Pro-Life Assault I am troubled by what appears to be a growing trend of violent attacks on peaceful pro-life activists. Perhaps the most famous recent instance was caught in a dramatic video last fall. The video shows a twenty-something-year-old man wearing a purple sweater, with a pentagram (a pagan symbol) on a necklace around his neck. He asks the pro-life woman behind the camera what should happen if a 16-year-old gets pregnant by rape. From his tone, it is clear that he doesn’t really want an answer. Still, the woman begins to explain that the child is still a child, and should not be murdered, regardless of how the baby is conceived. Before she can finish, however, the young man sticks out his tongue, winds up, and kicks her. The camera falls and clatters on the ground. A female voice is heard crying, “Someone call the cops!” The woman who was assaulted, Marie-Claire Bissonnette, described in a written account the astonishing indifference of the Toronto police who arrived on the scene. Eventually, however, the attacker was identified, and charges were filed. As it turns out, the same man was responsible for another violent assault on a pro-life activist some months before. Courtesy of Lifesite – Marie-Claire Bissonnette, Youth Coordinator for Campaign Life CoalitionAs Bissonnette points out, the attack on her is far from an isolated incident. And while the video of the assault against her was viewed millions of times, most of these assaults receive little to no public attention. On the very same day that Bissonnette was attacked, for instance, a woman walked up to a pro-life man who was silently praying at a location just West of Toronto and poured paint down his back. This was mild in comparison to what happened just days before, also in Toronto, when Gabby Skwarko, a member of the Ryerson Reproductive Justice Collective, walked up to pro-life activist Blaise Alleyne and proceeded to repeatedly punch her, attempted to grab her bag, and threw a metal dolly at her. One elderly woman recently had her leg broken when she was assaulted outside Kentucky’s only abortion facility, in Louisville. Another elderly man, participating in the recent Lenten 40 Days for Life campaign, was thrown to the ground and viciously and repeatedly kicked. Then there’s the woman who was left bruised after being punched outside a clinic in Alabama. Or the young man who was repeatedly punched by a pro-abortion woman during a pro-life demonstration at the University of North Carolina. As a life-long pro-lifer, Bissonnette has participated in pro-life demonstrations for years. She says she has repeatedly suffered physical and verbal assault. “Rocks have been thrown at me,” she writes. “I’ve been spat upon multiple times and pushed. Men have aggressively asked how I would like it if they raped me and forced me to have an abortion.” Brian Sims’ Contemptible Attack Thankfully the issue of aggression and violence against peaceful pro-life activists is receiving some (but still shockingly limited) media attention right now, thanks to the contemptible antics of Pennsylvania Democratic Representative Brian Sims. Earlier this month Sims posted a video of himself harassing a pro-life woman who was praying the rosary outside an abortion facility, calling her “shameful,” “disgusting,” “racist,” as well as “old white lady.” Even worse, he also filmed himself approaching two young girls (aged 13 and 15), calling them “a bunch of pseudo-Christian protesters who’ve been out here shaming young girls for being here.” Sims then offers $100 to anybody who can identify the girls. This is called “doxing” – that is, publicly identifying ordinary citizens in order to subject them to systematic shame and harassment. It’s a terrible practice. Coming from an elected politician, aimed at young, minor girls, it’s downright evil. Ironically, in posting the footage of his harassment of the girls, Sims accused the pro-life activists of “prey[ing] on young women.” People who protest Planned Parenthood” use white privilege, & shame,” he claimed. “They’re racist, classist, bigots who NEED & DESERVE our righteous opposition.” Got that? According to Sims, young pro-life girls “need” to be harassed by grown men such as himself. Astonishingly, at the time of this writing, Sims has neither resigned, nor been dismissed from office, though he did record and release a video apology. If instead of a pro-abortion Democrat, it had been a pro-life Republican who berated and doxed young teen girls I think this story would have ended quite differently. Democratic State Representative Brian Sims has harassed pro-lifers on more than one occasion.Both Discouraging and Hopeful Obtaining reliable statistics on assaults against pro-life activists is difficult, and so I can’t say with certitude that there are more of these types of attacks than in the past. What is certain, however, is that reports of these attacks have been coming out with surprising frequency these past few months, and that many of them have been unusually brutal. I’m far from the only one to notice this. What does this trend mean? On the one hand, it is clearly a discouraging sign of the spiritual sickness of our culture, the growth of a violent underbelly in our national discourse, a testament to the woundedness of so many men and women, and evidence in many cases that pro-abortion activists are held to a completely different standard than pro-lifers by the media, politicians, and the public. Sims, for instance, clearly believed that pro-life activists were “fair game” for his vicious anger. Why else would he have proudly broadcast his harassment to the world? From his perspective, pro-life women had forfeited their rights to be treated with even a modicum of decency and respect. This kind of dismissive attitude towards just about anyone who holds traditional moral values is becoming alarmingly common. Consider, for instance, the fact that, as far as I can find, no prominent liberal politicians, media figures or activists have publicly condemned Sim’s misbehavior. Truth be told, many so-called “progressives” now see almost no difference between ordinary social conservatives who believe such things as that marriage is between a man and a woman, and neo-Nazi skinheads. On the other hand, one senses that the desperation that motivates these attacks stems in part from anger in the face of the fact that the pro-life movement is succeeding as never before. And this is cause for hope. One of the recent attacks, for instance, was in Alabama, which just last week passed the single-most restrictive abortion bill in the country, a bill that would ban almost all abortions in the state, and that was designed directly to challenge Roe v. Wade. This was only the latest of several strongly pro-life bills explicitly crafted as a test to overturn Roe v. Wade. There are further reasons to think that the growing instances of assault on pro-lifers are a cause for hope. Consider, for example, the obvious fact that in order for pro-life activists to be assaulted in the first place, they need to be in a public space, proclaiming their pro-life beliefs, and trying to prevent abortions from taking place. As it turns out, on any day of the week, all across the country, in rain, shine, snow or hail, thousands of peaceful pro-life activists are gathering outside abortion clinics to pray. Others are holding signs on public streets, or demonstrating on college campuses. That so many are willing to sacrifice their time, and to take the risk of boldly defending human life, is a great sign of hope. 2019 Walk for Life, San FranciscoAnother reason for hope is the response of the pro-life activists who are the victims of these assaults. Consider Donna Durning, the pro-life woman whose leg was broken after she was shoved to the ground. “I believe that the lady who caused this injury needs prayers,” Durning said after the attack, “and I’m forgiving her and I would hope that people would also pray for her.” Abby Johnson, who recently spoke at a public rally protesting Brian Sims’ harassment, had much the same message. “I don’t know that I’ve ever seen anybody that needs Jesus more than that man right there,” she said about Sims. Indeed, it is very likely that many of those perpetrating these assaults are themselves deeply wounded by abortion. Perhaps they themselves had an abortion, or paid for an abortion; or perhaps some close loved one, perhaps even their own mothers, had abortions. Their anger and their violence against pro-lifers is evil, but I strongly suspect that in many cases they are the products of deep pain, pain that only love – above all the love of Christ – can heal. Clearly the pro-life message is Gospel-motivated. However, it is deeply encouraging to see how thoroughly the Gospel has penetrated into the pro-life movement, so that even those pro-lifers who have been violently assaulted by our ideological opponents can say, along with Christ, that most Christian of all prayers: “Father forgive them, for they know not what they do.” Walk for Life 2019, San FranciscoI hope that you will join me today in praying both for the victims of these attacks, and for the perpetrators. Furthermore, I hope that these incidents, far from discouraging our efforts, will cause us to redouble them. Though more common than I should like, such violent attacks are still relatively rare in comparison to the number of pro-lifers participating in peaceful prayer vigils and the like. Certainly, these attacks should not frighten us away. We need more and more pro-lifers to listen to the call of Christ, and to physically place themselves where the killing of innocents is taking place, so that they can serve as a voice for the violence against pro-lifers///. Thanks to the many silent prayer warriors who participate in 40 Days for Life vigils, or other peaceful protests, untold numbers of babies have been saved, and mothers and fathers spared life-long regret. Will you respond to Christ’s call, and join their life-saving efforts?     The post Growing Violence Against Pro-Lifers appeared first on Human Life International.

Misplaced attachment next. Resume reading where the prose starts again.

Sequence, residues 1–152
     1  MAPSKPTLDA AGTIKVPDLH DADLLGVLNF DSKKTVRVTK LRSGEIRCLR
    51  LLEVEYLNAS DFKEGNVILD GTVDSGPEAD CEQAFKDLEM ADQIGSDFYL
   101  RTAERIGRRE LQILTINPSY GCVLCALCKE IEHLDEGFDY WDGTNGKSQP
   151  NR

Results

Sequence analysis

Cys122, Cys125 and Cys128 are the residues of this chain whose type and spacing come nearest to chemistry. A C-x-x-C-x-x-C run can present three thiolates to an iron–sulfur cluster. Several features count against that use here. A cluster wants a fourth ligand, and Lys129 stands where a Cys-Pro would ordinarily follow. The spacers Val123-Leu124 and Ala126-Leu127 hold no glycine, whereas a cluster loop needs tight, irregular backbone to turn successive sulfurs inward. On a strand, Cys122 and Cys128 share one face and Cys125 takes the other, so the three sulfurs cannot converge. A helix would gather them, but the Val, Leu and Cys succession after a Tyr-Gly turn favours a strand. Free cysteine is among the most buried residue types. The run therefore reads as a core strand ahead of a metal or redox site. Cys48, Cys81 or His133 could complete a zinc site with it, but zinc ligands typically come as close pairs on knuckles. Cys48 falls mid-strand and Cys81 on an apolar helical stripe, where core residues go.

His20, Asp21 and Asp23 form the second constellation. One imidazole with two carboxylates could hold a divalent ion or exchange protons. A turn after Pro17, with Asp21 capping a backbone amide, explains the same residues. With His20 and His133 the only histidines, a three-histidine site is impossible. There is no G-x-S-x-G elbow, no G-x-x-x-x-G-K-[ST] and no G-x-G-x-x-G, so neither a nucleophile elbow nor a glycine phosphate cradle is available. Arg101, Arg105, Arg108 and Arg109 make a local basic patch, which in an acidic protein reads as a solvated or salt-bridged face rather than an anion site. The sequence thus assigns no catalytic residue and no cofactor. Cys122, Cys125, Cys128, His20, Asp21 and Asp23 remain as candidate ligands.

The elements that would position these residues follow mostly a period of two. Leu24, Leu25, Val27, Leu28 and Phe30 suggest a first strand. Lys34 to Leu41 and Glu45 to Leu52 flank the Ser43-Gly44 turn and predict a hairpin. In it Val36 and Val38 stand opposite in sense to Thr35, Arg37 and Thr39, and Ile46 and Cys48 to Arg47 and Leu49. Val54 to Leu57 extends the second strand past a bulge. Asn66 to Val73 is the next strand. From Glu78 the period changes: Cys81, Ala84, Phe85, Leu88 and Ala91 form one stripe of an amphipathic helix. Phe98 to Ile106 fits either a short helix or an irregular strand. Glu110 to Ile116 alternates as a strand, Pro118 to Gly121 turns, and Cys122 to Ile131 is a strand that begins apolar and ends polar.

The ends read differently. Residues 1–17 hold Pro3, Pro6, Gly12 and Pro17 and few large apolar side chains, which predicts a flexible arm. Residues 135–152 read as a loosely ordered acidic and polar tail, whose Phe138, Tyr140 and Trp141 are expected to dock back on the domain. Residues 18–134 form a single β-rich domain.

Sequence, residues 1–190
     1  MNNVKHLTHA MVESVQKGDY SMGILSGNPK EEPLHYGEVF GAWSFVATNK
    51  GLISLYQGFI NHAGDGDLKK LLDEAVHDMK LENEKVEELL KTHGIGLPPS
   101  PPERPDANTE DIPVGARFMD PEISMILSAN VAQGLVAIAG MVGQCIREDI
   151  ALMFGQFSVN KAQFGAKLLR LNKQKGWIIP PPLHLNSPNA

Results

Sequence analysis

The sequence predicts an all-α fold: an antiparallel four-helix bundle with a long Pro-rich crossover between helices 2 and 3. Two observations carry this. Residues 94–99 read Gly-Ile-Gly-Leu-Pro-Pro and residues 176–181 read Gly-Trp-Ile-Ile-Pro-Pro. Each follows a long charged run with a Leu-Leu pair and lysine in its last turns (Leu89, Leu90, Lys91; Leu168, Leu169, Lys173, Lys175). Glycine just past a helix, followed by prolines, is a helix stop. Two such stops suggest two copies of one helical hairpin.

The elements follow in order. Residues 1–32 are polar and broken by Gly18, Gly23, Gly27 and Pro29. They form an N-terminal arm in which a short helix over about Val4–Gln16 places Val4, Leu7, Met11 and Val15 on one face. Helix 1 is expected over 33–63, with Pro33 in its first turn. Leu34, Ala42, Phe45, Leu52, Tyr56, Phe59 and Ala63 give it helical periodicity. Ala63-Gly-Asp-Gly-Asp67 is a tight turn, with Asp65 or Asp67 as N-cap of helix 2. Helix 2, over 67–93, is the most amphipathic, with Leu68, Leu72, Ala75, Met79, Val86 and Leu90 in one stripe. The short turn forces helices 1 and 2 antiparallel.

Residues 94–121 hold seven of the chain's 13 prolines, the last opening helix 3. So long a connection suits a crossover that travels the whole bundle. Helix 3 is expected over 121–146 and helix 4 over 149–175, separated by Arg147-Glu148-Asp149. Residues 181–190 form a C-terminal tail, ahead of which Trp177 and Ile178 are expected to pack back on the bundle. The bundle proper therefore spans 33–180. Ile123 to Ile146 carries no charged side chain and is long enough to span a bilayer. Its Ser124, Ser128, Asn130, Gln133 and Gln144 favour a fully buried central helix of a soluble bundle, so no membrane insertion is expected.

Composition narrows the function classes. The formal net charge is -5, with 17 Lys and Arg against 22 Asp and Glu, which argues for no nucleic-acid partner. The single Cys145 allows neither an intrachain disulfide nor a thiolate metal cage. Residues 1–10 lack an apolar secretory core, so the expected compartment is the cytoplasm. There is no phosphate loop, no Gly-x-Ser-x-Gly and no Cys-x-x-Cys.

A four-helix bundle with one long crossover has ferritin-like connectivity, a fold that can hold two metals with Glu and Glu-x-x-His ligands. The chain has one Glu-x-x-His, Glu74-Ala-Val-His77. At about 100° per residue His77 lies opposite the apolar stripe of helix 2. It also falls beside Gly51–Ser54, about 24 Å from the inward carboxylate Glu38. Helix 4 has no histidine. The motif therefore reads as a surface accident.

Saints help author and mother drop a toxic perfectionism